A lone traveler from another dimension arrives on a familiar yet mysterious planet. This is Screen Critix Review of writer/director and star Marcus McMahon’s ‘A Helical’.
“A Helical is a retro sci-fi film that is inspired by the dark industrial landscapes of 1980’s England and New Wave music. The story follows a man who travels to a mysterious planet that reveals his subconscious to him. The Film is influenced by Jungian themes, dreams, and esotericism.”
And so begins director Marcus McMahon’s description of ‘A Helical’; his highbrow, avant-garde short film. Rarely has a film I have reviewed for Screen Critix been framed so beautifully and looked so stunning. I have reviewed some great independent films before but ‘A Helical’s visuals blew me away.
As the film opens with its retro credit sequence and score, we are immediately transported back to a time when we visited dark and smoky video shops to rent VHS tapes in chunky cases. So much so that we are half expecting to see a VHS distributor logo like Video Gems, Vestron Video or Cannon Films pop up at the start.
Brought into this world by some intentionally crude computer animation that is reminiscent of Disney’s 80’s classic Tron, we are introduced to our lead character – a lone traveler known as ‘A Helical’ played by the film’s director Marcus McMahon, who appears to us from an interdimensional portal. Wearing a striking blue suit and polo neck jumper, our Helical immediately comes across as otherworldly. Mcmahon, slender, wiry, remote, gives us an eerie performance, evoking this time-and-space traveler so successfully that you could say it was perfect casting. He journeys through this world at a gentle-yet-forceful pace and we follow him, transfixed by the pictures being thrown at us.
There is a huge mathematical and geometrical aspect to the film as our Helical passes cubes, pyramids, cones, spheres and cylinders, all wonderfully created by the natural surrounding environments. He continuously walks in straight lines, crossing parallels, passing reflections and following opposites, his dialogue is basic and repetitive. The only way to describe what we are seeing on screen is to imagine one of those magic eye 3D pictures has suddenly been brought to life. There is also a touch of Greek mythology as The Helical, in the film’s worst moment, speaks to a badly animated head of some sort of ‘God’ and visits an oracle type of witch that echoes Perseus quest in Clash Of The Titans.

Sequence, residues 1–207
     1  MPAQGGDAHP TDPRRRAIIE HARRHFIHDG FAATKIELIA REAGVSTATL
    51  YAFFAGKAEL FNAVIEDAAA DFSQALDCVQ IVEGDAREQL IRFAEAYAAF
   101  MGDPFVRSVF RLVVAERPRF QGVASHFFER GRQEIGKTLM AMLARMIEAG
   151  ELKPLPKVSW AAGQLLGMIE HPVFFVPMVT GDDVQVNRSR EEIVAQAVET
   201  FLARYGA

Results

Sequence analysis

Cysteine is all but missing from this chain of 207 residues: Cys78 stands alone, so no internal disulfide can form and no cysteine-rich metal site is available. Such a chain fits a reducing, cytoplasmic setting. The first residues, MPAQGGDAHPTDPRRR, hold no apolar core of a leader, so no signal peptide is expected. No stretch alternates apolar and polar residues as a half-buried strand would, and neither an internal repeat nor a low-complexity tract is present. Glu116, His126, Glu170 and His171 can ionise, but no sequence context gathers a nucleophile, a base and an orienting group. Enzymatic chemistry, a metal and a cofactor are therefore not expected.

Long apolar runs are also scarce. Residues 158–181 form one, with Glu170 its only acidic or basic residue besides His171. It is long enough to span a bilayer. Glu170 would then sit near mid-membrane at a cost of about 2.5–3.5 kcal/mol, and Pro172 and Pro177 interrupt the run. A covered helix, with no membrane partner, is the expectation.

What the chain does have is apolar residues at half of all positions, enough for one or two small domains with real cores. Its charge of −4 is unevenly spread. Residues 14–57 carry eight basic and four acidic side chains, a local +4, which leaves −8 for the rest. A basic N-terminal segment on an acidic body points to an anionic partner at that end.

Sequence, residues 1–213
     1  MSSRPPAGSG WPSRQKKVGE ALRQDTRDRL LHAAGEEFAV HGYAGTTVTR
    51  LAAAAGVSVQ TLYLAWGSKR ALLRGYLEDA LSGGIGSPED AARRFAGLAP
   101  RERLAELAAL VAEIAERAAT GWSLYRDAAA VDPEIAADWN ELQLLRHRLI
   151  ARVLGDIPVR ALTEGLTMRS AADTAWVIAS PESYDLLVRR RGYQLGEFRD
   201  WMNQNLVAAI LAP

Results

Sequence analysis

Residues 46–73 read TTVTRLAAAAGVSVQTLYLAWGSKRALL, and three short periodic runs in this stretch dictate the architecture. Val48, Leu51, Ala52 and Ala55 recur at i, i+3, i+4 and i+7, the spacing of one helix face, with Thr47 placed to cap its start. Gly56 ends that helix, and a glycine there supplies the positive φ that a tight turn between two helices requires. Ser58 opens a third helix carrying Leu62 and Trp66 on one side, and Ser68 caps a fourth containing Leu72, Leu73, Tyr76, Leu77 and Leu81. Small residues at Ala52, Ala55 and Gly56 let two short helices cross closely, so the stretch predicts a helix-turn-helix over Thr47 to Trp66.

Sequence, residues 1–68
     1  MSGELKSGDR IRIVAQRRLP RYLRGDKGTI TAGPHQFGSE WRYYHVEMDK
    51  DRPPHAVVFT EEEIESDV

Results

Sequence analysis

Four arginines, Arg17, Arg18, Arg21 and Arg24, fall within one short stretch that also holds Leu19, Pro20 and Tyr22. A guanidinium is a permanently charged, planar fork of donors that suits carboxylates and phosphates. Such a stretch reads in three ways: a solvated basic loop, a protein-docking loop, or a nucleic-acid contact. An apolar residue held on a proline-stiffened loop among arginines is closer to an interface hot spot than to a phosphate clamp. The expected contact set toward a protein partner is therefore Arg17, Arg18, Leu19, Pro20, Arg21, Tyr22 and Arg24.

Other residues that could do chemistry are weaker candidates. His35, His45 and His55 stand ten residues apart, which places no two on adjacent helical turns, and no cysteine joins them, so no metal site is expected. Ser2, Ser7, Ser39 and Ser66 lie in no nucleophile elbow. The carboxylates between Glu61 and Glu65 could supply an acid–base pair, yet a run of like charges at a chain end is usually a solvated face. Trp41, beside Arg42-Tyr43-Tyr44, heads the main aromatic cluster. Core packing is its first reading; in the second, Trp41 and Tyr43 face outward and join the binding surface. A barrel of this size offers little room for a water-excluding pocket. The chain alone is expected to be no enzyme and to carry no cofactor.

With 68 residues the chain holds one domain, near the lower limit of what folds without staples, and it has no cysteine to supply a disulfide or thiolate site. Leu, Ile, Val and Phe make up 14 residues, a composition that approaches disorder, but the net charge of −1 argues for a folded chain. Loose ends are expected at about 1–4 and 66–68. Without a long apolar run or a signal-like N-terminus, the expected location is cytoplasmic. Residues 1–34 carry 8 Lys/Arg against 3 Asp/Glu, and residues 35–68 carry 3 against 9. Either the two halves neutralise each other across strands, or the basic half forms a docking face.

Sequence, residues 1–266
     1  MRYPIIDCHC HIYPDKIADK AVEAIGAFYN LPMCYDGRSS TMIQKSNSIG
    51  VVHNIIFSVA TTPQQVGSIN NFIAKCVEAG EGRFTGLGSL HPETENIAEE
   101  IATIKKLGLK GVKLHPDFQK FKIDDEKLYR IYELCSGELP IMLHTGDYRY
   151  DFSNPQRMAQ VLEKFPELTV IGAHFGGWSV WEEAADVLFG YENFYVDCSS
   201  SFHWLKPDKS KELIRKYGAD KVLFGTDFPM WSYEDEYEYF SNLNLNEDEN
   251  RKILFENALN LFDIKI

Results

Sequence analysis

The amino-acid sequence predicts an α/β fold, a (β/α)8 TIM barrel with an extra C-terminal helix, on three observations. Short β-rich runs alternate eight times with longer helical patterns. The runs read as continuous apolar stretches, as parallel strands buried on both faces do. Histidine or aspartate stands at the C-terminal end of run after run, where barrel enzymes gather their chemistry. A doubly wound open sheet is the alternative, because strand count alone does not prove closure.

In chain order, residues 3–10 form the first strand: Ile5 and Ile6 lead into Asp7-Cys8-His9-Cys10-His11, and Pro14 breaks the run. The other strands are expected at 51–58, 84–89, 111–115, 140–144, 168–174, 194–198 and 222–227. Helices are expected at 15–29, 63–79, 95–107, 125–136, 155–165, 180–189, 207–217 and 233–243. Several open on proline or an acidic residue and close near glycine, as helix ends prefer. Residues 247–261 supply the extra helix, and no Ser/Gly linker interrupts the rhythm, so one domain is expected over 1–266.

If I were judging this film solely on its visuals then it would get an unqualified rave review, no questions asked. It’s only when I begin to think about the story and the tone that my enthusiasm comes down a notch. To my mind ‘A Helical’ has been done more as an exercise than as a story you are supposed to care about, there is no plot, not really. We just have an alien traveler visiting an alien world that isn’t so much set in the future or the past but more a parallel timeline, a limbo, caught somewhere between now and then. There is a section halfway through the film’s 30-minute runtime that raises the stakes somewhat, becoming more of a David Lynch influenced psychological shouting match. However, it is never really explained what the stakes are and as a result, we are left feeling a little empty.
I would be lying if I said I understood everything that was going on in ‘A Helical’ as there was no strong narrative to pull me through., but I was constantly invited to enjoy the moments, to experience one delicious visual after another, to look past the characters and drink in the cinematography by Michael Wisniowski and relish the gorgeous set design. It is the sheer quality of the images throughout the short that confirms to me the opening animation and SFX are intentionally crude and tacky to create a feeling of nostalgia in the viewer.
Helical is a film of two extremes, there will be those who see it as a pretentious art-house vanity project and others who will be overwhelmed and consumed by the imagery and think it is one of the best short films in years, I fall into the latter. Through the years there have been many inspired films that have been made solely for the eye and ‘A Helical’ is one such film. Once seen, it will prove very difficult to forget.